When Liz Cheney, the outspoken elder daughter of Vice President Dick Cheney, announced this month that she was launching a primary challenge against three-term incumbent conservative Sen. Mike Enzi (R-Wyo.), she declared that it's "time for a new generation to come to the fore" and "time for us to say to ourselves, 'Can we continue to go along to get along in Washington?'"
While much attention has focused on the civil war between conservative GOPers in Wyoming, the bigger issue is that Cheney's quest is symbolic of how the Republican Party has evolved — and where it now seems to be inexorably headed.
Cheney has said it's time for GOPers to stop "cutting deals" with Democrats — a curious charge since few political analysts would say that today's Congress is known for its bipartisan deal-making. But Cheney is presenting herself as a Tea Party Republican representing a wave of the future that extends far beyond the Wyoming Senate seat.
Now, the conventional wisdom — and polling — suggest she's going to lose in Wyoming. A Public Policy Polling poll finds Enzi leads Cheney 54 percent to 26 percent among GOP primary voters. Republicans have been coming out in droves to either back Enzi or wonder aloud why such a reliable conservative is being challenged. Sen. John McCain (R-Ariz.) told CNN's Candy Crowley that most people he served with support Enzi, who he called the "epitome of a workhorse in the Senate." Some wonder if Cheney is committing career suicide by taking on a respected conservative in Wyoming — when until recently she resided in Virginia.
But voters haven't always been concerned about carpet-bagging. One of the most famous races where the charge flopped was in 1964, when moderate Republican Sen. Kenneth Keating lost his re-election bid to Democrat Robert F. Kennedy in 1964 in the New York race for the U.S. Senate. Kennedy had only spent part of his childhood there.
Regardless of her chances, let's view Cheney's race this way: Liz Cheney's candidacy isn't just about extending the Cheney political franchise into new generations the way the Kennedys, Bushes, Pauls, and Cuomos have done. It's about voters perpetuating and rewarding a less civil, less bipartisan, more confrontational, and more personal style of politics where attack and lashing out nearly become its entire substance.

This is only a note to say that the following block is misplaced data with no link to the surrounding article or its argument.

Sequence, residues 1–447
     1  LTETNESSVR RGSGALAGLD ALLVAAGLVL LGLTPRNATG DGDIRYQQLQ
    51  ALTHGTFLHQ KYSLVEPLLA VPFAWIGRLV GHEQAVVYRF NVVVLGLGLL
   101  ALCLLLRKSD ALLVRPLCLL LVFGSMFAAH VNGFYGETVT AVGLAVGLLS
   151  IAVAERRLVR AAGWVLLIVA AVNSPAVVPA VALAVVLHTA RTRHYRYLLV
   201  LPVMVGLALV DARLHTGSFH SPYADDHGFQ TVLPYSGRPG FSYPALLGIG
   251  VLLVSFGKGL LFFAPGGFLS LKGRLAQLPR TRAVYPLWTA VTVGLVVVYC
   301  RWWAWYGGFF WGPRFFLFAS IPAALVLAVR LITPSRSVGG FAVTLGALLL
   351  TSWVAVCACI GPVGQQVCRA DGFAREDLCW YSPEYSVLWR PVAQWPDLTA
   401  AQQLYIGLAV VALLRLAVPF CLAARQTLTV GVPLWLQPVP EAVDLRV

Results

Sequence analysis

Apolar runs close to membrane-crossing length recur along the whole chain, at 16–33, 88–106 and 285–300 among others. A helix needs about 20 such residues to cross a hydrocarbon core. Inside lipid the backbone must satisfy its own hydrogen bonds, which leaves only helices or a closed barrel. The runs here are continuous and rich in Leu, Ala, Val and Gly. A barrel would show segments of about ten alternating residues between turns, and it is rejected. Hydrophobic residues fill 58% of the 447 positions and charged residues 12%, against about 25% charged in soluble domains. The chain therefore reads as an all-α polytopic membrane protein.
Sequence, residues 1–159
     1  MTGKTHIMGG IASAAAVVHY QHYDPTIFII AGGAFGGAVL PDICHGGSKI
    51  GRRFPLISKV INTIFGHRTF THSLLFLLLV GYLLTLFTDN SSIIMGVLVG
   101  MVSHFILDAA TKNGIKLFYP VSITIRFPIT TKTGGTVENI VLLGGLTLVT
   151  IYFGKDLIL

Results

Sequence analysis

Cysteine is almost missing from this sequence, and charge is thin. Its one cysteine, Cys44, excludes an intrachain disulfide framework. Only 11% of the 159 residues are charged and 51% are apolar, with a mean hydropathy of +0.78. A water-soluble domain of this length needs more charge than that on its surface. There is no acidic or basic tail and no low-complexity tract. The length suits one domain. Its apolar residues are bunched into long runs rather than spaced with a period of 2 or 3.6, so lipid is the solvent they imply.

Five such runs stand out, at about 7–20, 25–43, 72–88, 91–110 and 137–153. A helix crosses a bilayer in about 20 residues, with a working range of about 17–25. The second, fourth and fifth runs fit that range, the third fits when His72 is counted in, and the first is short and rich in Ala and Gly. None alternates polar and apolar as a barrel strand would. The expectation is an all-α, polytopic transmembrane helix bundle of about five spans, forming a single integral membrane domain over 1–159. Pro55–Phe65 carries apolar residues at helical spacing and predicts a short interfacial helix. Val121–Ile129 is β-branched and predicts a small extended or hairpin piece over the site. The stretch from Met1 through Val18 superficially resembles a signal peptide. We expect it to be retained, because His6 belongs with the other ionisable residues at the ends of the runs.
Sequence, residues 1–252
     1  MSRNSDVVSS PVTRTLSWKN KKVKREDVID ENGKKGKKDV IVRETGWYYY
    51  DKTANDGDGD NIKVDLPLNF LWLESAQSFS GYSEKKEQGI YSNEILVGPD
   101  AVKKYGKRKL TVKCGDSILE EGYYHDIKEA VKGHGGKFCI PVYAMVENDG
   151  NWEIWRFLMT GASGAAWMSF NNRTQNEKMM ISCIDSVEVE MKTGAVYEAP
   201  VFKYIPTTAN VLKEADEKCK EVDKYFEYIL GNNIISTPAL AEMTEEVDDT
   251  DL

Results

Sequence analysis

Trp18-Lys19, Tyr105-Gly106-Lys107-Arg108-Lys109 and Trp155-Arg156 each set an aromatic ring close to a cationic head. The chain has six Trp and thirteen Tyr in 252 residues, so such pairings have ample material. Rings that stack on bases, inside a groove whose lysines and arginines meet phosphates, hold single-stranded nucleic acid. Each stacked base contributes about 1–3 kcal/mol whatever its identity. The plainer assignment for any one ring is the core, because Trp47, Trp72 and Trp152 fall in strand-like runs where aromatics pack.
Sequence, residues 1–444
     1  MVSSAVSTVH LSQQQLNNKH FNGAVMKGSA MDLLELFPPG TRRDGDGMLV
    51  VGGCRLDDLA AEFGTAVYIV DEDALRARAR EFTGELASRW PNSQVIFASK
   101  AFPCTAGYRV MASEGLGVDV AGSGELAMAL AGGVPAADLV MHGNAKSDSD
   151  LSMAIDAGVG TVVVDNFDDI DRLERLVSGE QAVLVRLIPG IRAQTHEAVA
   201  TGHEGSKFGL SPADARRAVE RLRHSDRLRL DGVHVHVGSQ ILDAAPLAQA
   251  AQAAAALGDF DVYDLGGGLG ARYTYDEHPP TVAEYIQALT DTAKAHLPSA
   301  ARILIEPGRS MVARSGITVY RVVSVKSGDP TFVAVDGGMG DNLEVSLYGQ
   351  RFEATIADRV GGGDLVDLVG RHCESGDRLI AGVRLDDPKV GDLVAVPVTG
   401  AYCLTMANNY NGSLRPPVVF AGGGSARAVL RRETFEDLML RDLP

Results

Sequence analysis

This was typified in 2004 when Vice President Dick Cheney argued with Vermont's Democratic Sen. Patrick Leahy, who was criticizing Cheney over his ties to Halliburton and President George W. Bush's judicial nominees. Cheney famously gave this thoughtful rejoinder to the criticism: "F--- yourself." Cheney never expressed serious regret and would even smile when asked about it. This couldn't be confused with the way George H. W Bush or George W. Bush did political business.
Cheney was one of the most powerful, inflexible — and unpopular — vice presidents in American history, and the country's most famous neo-con. He left office with a 29 percent approval rating, which later rose a bit. And once Barack Obama became president, Cheney became one of his harshest — and most predictable — critics.
There is almost a mindmeld between his harsh rhetoric and that of the Tea Party and the conservative entertainment media. And, as Politico's James Hohmann notes, between the elder Cheney and his daughter:
Liz Cheney is, unapologetically, Dick Cheney's avatar: She co-wrote his autobiography, defends him like a pit bull and almost always is his sidekick at public appearances. Her inseparability from such a polarizing figure might seem like a big drawback — but in Wyoming, it may actually be her best shot at winning a U.S. Senate seat. Disliked as Dick Cheney is nationally after his controversial tenure as vice president, he remains an esteemed figure in the state he represented three decades ago in the House of Representatives. [Politico]
The two Cheneys' attitude about seriously working with the other side fits right in with what Washington Post columnist Eugene Robinson says is the "new normal" — GOP obstructionism as a policy, something The Daily Beast's Michael Tomasky correctly notes is unprecedented in modern times:
The Republican Party now sees dysfunction as not just an unfortunate consequence of a set of historical factors, something that they might work every now and again to correct. Now, the Republican Party sees dysfunction as its mission... It's absolutely new in American history... This isn't a partisan crisis. It's a historical crisis. [Daily Beast]
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